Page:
The article on March 31 by Dick Roraback titled "After Heart Surgery: Jokes, Aches, Mercy and Intensive Care" is a sad and unappreciated (by me) commentary on heart surgery. I saw nothing to joke about. Going into surgery is an experience of great apprehension. ICU is frightening and you are so sick; you hurt so much you can only think about the next pain medication or another day and another day to pass by so you can reach that point, on a day to come, when you will no longer hurt.
I had no "mechanics" operate on me, only skilled surgeons and fine nurses and technicians who had my life in their hands, with their goal to provide me a longer, comfortable life. There was only one nurse I disliked. All others were patient and caring and had the skill to encourage me to try harder, grit my teeth and have faith.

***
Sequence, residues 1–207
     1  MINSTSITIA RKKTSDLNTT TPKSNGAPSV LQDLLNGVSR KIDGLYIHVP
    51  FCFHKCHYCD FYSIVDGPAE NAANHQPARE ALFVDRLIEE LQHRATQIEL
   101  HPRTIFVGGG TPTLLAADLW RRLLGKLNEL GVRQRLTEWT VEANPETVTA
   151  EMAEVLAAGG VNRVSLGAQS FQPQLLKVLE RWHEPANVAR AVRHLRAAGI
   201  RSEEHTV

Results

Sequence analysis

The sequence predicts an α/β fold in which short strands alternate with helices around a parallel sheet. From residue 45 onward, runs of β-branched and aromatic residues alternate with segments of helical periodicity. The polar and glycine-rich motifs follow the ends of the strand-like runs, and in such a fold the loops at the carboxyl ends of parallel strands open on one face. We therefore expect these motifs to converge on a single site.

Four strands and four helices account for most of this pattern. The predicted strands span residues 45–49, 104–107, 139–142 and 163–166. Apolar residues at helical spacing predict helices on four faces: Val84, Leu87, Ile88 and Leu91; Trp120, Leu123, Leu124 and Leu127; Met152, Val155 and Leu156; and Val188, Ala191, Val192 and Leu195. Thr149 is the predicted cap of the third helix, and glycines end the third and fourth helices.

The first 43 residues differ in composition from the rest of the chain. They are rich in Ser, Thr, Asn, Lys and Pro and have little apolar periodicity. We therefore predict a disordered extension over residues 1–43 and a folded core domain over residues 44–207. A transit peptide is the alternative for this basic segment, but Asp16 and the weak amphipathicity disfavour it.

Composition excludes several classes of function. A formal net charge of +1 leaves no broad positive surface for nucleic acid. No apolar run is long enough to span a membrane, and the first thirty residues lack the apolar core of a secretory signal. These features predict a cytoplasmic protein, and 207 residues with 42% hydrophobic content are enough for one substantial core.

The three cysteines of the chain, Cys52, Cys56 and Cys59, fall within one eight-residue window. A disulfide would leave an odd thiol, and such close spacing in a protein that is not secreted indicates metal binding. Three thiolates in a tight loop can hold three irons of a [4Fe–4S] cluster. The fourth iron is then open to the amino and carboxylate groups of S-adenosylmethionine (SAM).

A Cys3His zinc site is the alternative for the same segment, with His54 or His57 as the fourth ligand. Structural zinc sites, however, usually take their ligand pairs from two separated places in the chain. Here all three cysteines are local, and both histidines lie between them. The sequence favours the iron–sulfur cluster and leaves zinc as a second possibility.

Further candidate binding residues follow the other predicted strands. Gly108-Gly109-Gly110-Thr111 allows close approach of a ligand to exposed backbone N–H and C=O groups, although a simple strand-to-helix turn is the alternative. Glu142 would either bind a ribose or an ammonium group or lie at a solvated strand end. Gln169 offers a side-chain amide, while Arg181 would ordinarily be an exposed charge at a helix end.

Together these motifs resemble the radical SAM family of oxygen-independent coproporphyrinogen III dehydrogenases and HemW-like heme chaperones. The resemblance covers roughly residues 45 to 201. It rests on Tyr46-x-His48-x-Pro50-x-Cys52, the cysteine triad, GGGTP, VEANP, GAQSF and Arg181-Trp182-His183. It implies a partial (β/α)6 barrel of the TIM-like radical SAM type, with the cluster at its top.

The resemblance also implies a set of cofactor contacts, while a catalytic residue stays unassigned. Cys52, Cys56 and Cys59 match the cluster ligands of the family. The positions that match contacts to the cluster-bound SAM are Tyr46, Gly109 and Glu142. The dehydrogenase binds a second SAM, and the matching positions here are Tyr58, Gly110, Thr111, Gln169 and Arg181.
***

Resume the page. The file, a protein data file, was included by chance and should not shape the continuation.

I am an experienced heart patient. My first aortic valve implant was in January, 1965. I was 37. That fine valve lasted 21 years and 3 months before I began to ail. My new aortic valve was implanted in April, 1986, when I was 58. My brother-in-law just two months ago had two artificial valves implanted. He and I both found the surgery tough and frightening.